Dr Charlotte Mathieson, Associate Fellow
Department of English and Comparative Literary Studies, University of Warwick
The bicentenary of Charles Dickens’s birth on 7th February 2012 has prompted a wide range of celebratory responses across the world, with some prominent themes emerging in the proceedings: unsurprisingly, an emphasis on film adaptations and a biographical focus on Dickens’s life and works feature highly; and in Britain, neither is it unexpected to find events around the notion of “Dickens’s London” recurring throughout the 2012 celebrations. The Museum of London’s “Dickens and London” exhibition promises to “recreate the atmosphere of Victorian London through sound and projection”; there are Dickens-themed walking tours such as The Guardian’s audio walks – podcasts to listen to whilst walking a specific route (one, for example, traces the places associated with the author’s life and David Copperfield – Dickens’s “most autobiographical” novel, as the website points out); and in a 21st century twist to the walking tour, there is even an app of “Dickens’s Dark London” which promises to “take users on a journey through the darker side of Charles Dickens’ London”.
As Nicola Watson writes in The Literary Tourist, literary tourism is “so naturalised as a cultural phenomenon” nowadays that it hardly seems that noteworthy;  indeed, as she details, the trend originated in the 18th century and books setting out cycle and walking routes around “Dickens Land” emerged from the 1880s. But it’s a subject which continues to open up questions, not least because, as the examples above make clear, the forms that literary tourism take continue to evolve and adapt to new technologies. What is the purpose of this kind of literary tourism, and why is it still such a resonant form?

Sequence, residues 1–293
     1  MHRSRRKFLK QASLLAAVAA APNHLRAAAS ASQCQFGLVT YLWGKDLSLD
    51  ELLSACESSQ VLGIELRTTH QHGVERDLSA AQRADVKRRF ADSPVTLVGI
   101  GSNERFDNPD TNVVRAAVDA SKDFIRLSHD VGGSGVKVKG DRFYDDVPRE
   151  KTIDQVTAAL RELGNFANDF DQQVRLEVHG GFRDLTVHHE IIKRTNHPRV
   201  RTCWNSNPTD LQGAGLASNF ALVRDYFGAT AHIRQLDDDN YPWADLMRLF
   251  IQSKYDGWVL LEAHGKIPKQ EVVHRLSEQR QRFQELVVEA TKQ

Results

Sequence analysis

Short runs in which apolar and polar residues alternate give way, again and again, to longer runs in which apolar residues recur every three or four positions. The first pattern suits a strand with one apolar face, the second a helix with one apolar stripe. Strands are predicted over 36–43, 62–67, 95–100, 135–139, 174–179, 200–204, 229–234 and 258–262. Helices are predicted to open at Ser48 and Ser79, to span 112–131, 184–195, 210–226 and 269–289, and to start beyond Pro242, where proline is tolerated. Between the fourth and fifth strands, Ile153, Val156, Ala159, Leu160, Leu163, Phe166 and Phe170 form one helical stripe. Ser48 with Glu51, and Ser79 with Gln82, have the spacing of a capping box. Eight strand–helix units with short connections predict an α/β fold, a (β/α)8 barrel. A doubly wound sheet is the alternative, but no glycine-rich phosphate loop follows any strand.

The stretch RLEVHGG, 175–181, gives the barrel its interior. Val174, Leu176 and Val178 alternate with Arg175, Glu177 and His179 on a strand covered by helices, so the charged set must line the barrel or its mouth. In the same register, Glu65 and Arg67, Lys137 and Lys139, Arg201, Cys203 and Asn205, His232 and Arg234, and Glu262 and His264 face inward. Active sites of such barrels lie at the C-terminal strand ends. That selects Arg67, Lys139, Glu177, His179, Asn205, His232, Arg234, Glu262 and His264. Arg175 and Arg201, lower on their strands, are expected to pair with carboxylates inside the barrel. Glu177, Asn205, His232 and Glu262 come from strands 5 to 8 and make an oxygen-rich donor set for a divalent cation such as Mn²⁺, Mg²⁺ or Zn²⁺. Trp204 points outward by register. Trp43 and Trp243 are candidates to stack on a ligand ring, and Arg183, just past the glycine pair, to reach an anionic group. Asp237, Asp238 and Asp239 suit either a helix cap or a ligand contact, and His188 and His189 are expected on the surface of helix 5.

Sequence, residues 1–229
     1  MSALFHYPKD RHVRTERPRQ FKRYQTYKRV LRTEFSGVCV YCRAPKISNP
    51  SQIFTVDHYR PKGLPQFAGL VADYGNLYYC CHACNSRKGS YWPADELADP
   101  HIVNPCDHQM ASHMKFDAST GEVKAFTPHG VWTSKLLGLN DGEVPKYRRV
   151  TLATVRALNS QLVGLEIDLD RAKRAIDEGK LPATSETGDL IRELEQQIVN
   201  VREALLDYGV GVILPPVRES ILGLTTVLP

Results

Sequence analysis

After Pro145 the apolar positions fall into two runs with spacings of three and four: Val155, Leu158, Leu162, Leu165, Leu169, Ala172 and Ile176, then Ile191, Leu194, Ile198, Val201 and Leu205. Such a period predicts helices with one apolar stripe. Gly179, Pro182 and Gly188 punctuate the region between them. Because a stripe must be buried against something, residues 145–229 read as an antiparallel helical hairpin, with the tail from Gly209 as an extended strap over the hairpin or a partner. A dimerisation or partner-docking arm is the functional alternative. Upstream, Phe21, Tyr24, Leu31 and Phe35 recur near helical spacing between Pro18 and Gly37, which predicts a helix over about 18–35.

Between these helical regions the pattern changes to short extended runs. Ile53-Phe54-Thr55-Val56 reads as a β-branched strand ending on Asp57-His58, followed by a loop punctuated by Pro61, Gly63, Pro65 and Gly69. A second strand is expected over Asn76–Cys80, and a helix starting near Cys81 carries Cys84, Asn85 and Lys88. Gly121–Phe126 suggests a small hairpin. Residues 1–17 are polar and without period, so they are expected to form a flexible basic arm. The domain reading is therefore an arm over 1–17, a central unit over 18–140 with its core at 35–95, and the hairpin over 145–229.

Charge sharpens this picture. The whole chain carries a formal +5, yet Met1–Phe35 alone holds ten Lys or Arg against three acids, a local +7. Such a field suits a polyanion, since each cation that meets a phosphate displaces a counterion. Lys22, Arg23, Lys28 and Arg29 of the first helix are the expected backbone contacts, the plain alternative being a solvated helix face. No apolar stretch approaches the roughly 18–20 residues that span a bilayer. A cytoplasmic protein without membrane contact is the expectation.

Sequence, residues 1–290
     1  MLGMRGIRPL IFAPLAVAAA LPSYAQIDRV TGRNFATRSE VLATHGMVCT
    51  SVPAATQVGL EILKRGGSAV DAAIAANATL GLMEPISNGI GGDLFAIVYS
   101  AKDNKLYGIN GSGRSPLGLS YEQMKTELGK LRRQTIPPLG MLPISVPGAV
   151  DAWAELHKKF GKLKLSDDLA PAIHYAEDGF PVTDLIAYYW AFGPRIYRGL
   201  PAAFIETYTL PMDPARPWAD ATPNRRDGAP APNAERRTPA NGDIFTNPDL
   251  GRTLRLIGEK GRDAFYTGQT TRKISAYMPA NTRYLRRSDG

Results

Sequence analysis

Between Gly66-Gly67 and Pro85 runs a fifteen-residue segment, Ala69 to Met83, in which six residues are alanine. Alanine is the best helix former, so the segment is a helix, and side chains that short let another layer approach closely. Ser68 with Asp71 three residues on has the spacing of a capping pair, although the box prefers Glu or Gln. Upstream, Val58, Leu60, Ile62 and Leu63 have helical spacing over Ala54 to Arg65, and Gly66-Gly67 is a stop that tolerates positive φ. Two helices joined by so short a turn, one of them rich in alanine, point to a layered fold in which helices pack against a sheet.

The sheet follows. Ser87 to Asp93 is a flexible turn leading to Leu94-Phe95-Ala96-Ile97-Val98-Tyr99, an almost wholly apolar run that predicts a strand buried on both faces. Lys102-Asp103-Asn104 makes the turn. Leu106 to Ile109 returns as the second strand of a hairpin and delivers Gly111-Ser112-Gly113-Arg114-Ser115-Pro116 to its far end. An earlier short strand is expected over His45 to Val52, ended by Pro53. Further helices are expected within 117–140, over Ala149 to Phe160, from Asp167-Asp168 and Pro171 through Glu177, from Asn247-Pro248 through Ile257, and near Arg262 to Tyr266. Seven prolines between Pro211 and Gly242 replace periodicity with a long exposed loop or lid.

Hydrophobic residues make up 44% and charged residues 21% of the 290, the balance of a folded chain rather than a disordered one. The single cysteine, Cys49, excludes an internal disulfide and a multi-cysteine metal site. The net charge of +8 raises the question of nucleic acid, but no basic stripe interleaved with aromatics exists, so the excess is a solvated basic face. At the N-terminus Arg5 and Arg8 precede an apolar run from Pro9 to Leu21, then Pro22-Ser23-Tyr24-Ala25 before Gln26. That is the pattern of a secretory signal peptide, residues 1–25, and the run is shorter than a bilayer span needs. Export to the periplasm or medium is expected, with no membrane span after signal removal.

Watson notes a palpable embarrassment among professional literary scholars at the idea of the literary tour and, whilst not embarrassed, I admit to an initial scepticism or resistance to the connections that literary tourism makes between place, text and author. Aside from the problems of reading a text as strictly biographical, this resides in a fundamental misjudgement about the relationship between real and represented places/spaces: a tour of a text’s locations draws together text and “real” space as though literary place is a neutral reflection of a location, and spaces are presented as offering some kind of authentic connection to, or reflection of, the text.
Nonetheless, there’s clearly great cultural importance around the notion of Dickens and place, and an attraction in “experiencing” literary places. Watson suggests that “it is the text itself that invents and solicits tourism,” to which I would add that an example from Dickens’s Bleak House also suggests how we might read literary tourism.
In one of the central moments of the novel Jo, the poor street boy, leads Lady Dedlock to view the places associated with her long lost, and now deceased, lover:
“Are you the boy I have read of in the papers?’ she asks behind her veil. […]